Blue-Collar Poet Writes Prose For The Common Man


Leon Chamberlain just might be the ultimate contradiction a blue-collar worker with a passion for poetry.

The retired auto factory employee, who moved to Payson from Michigan after a 33-year career with Ford Motor Company, realized he had a penchant for poetry back in the 6th grade when he helped a friend win first place in a poetry contest by writing a poem for him.

"It really ticked my mom off that I did that," Chamberlain said.

Those were the days in Michigan when the easy money was made on the assembly lines of the state's booming auto industry. Chamberlain, who was born in Flat Rock in 1946, followed the path so many took.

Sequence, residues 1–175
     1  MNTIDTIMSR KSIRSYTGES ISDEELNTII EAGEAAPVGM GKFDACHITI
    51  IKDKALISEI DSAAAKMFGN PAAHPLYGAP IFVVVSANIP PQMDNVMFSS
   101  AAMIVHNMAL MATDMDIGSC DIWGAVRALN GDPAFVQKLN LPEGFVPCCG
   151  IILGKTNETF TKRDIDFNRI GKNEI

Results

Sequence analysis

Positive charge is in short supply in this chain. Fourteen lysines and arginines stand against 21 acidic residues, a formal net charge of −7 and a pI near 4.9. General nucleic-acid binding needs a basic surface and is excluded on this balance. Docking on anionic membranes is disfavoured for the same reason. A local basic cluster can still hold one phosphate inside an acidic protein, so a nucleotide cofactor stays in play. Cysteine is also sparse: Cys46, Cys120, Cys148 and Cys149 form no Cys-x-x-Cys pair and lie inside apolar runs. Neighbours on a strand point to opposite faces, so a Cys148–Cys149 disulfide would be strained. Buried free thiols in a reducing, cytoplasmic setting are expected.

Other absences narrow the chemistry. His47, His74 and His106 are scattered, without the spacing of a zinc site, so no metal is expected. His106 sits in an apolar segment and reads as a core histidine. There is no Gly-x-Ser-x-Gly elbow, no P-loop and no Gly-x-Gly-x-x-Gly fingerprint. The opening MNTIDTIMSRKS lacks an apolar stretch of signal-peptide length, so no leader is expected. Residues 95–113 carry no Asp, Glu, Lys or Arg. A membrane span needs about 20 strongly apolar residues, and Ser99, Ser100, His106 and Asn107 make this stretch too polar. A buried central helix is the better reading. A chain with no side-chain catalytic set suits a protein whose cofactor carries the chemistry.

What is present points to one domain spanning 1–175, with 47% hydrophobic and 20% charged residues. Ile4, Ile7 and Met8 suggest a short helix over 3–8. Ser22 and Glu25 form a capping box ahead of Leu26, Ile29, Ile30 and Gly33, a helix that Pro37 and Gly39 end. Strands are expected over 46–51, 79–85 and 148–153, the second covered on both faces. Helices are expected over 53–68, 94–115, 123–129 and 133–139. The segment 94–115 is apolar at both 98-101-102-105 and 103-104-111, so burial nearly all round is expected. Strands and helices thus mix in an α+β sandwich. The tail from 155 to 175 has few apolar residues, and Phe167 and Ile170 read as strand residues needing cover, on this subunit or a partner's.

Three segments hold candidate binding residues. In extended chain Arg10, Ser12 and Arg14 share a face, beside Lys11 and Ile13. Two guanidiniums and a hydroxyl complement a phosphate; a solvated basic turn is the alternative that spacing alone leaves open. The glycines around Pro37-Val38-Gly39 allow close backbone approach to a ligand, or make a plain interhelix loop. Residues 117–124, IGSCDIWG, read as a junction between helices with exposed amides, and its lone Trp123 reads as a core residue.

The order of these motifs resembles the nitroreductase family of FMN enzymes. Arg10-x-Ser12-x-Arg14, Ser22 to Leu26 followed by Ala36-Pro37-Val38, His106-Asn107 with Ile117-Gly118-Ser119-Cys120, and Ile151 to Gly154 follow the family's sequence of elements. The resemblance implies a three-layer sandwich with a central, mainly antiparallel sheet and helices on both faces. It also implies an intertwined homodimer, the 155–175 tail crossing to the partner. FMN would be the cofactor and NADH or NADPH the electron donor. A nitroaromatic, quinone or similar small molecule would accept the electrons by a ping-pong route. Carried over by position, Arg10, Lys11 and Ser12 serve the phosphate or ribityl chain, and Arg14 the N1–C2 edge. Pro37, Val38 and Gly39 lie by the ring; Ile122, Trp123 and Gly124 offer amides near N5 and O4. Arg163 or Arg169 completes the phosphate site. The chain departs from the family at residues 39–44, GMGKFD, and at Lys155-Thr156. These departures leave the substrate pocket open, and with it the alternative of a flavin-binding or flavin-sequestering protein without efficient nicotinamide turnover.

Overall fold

He got married and went to work for Great Lakes Steel right out of high school. It wasn't long before he found his way to an auto assembly line.

"So many go in there and get seduced by the big bucks," he said. "There were a lot of teachers in Michigan who quit teaching because they could make so much more on the assembly line."

But there was also a schism between blue collar and white collar workers in the auto factories that provided Chamberlain with much of his poetic inspiration.

"If you were an hourly employee in an auto factory, they considered you this dumb brute," he said. "During the '60s and '70s, there was this warfare in the factories. We loathed them. They loathed us."

It was an era when cars were selling like hotcakes and overtime was mandatory. Divorce rates skyrocketed because assembly workers were required to spend 12 hours a day, seven days a week on the job.

Out of the experience came Chamberlain's first book, a prose work called "Factory Rat." In the 442-page tome, he recounts the experience of "Industrius Rodenticus ... a sweaty breed

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